Forge

Review

posted 3/12/2013 by Sean Colleli
other articles by Sean Colleli
Platforms: PC
There was a lot of talk about Dark Vale Game’s Forge in the months leading up to release. A bubbling mixture of World of Warcraft’s (WoW) player-vs-player (PVP) mechanics and art style, with Team Fortress 2’s (TF2) accessibility and class-based mechanics? Many competitive online gamers were loading up their Steam wallets and hunting through their image folders for that “shut up and take my money!” .GIF everyone seems to have. I’ve been tinkering around with Forge for a while now, and though the game is indeed an accurate extension of that brief description I gave, Dark Vale has some considerable polishing to do before Forge gets anywhere as clean or addictive as the games that inspired it.

Dark Vale promises a lot of new features, modes and options in the coming months, so what they have on offer now is a solid, if limited, foundation, constructed from familiar ideas. Forge’s gameplay is built on its classes like TF2, and these classes are a curious mix of standard fantasy characters and TF2’s more workmanlike division of abilities.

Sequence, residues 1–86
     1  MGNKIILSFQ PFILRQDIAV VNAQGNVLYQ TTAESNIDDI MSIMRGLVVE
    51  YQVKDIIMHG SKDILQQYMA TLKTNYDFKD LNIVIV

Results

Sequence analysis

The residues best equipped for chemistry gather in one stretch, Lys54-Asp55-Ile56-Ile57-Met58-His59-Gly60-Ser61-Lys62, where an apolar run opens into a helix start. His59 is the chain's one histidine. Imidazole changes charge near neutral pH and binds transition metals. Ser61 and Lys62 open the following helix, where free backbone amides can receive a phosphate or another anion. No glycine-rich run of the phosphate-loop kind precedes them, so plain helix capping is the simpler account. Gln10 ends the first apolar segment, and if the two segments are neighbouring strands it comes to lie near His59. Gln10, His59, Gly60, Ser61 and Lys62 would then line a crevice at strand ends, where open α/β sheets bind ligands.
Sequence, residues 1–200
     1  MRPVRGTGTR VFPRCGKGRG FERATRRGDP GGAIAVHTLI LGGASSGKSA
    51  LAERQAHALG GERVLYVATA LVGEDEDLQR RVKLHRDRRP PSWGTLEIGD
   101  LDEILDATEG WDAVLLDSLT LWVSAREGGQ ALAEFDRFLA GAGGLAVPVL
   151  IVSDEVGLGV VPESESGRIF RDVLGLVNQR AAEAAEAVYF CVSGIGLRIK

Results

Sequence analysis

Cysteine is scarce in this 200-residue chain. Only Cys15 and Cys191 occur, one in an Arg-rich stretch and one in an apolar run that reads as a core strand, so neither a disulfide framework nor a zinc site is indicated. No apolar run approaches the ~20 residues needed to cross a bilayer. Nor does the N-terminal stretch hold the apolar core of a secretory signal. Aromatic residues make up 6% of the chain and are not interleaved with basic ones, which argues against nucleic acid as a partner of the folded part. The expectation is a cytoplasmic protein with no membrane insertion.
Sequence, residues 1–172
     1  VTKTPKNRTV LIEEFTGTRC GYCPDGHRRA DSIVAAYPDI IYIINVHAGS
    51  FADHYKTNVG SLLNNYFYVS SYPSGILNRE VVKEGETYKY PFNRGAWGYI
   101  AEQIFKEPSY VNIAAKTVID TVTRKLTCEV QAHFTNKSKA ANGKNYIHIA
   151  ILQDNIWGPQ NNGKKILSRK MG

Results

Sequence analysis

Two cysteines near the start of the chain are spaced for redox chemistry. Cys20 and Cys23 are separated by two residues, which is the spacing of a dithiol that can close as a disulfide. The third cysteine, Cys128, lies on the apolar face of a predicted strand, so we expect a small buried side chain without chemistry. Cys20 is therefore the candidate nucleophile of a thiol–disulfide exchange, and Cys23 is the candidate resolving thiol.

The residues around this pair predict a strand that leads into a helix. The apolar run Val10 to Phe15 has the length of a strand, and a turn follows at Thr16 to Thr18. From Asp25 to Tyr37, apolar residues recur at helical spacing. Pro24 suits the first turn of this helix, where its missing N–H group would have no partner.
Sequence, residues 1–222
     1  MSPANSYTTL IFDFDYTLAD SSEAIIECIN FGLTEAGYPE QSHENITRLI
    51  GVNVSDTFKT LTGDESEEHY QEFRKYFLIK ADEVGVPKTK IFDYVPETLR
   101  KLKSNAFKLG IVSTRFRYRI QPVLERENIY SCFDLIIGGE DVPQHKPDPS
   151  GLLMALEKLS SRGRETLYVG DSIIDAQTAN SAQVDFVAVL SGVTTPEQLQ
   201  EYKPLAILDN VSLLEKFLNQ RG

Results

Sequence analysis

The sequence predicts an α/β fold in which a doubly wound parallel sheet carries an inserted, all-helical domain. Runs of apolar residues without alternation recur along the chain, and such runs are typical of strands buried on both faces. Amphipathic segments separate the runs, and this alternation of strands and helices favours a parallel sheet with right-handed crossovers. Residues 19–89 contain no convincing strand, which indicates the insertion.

The Assassin is your spy class, with the expected ability to cloak herself but also a quick-leap ability that can teleport her to a targeted enemy. The Pathfinder is really a sniper-scout, but instead of the eclectic variety of items that augment basic sniping, as TF2’s sniper has, the Pathfinder instead has more arrow types than Hawkeye and an accompanying variety of effects, including poison and enemy-slowing. The Warden is a tank, and it’s refreshing to see a female character as this class for once. Her job is to wade into combat, soak up damage with her considerable store of hit points and soften up groups of enemies so the rest of the team can take them out with their various abilities. The Pyromancer is the support class, varying aspects of TF2’s pyro and soldier rolled into one. His arsenal of fire spells is good for dealing damage quickly and in a variety of ways, but without team support he’ll get iced in short order, much like TF2’s pyro. Finally, the Shaman, a dwarf oddly enough, is the medic class, and works best following his team around healing their injuries, but he can also slow down surrounding enemies for a quick escape if he’s separated from his team.

As you might imagine teamwork is pretty important in Forge, and so is team balance. Similar to how amateur TF2 players fill an entire team with scouts, pyros or heavies, a Forge team of just Pyromancers or Pathfinders will get dusted by an experienced team with a healthy variety of classes. It’s just too bad that the game’s confusing, muddled tutorial doesn’t do a very good job getting this across. The tutorial doesn’t even have decent voiceover explaining each class’s pros and cons, so you’ll be squinting at various dialogue boxes trying to figure out the controls while the game explains attacking and blocking at the same time.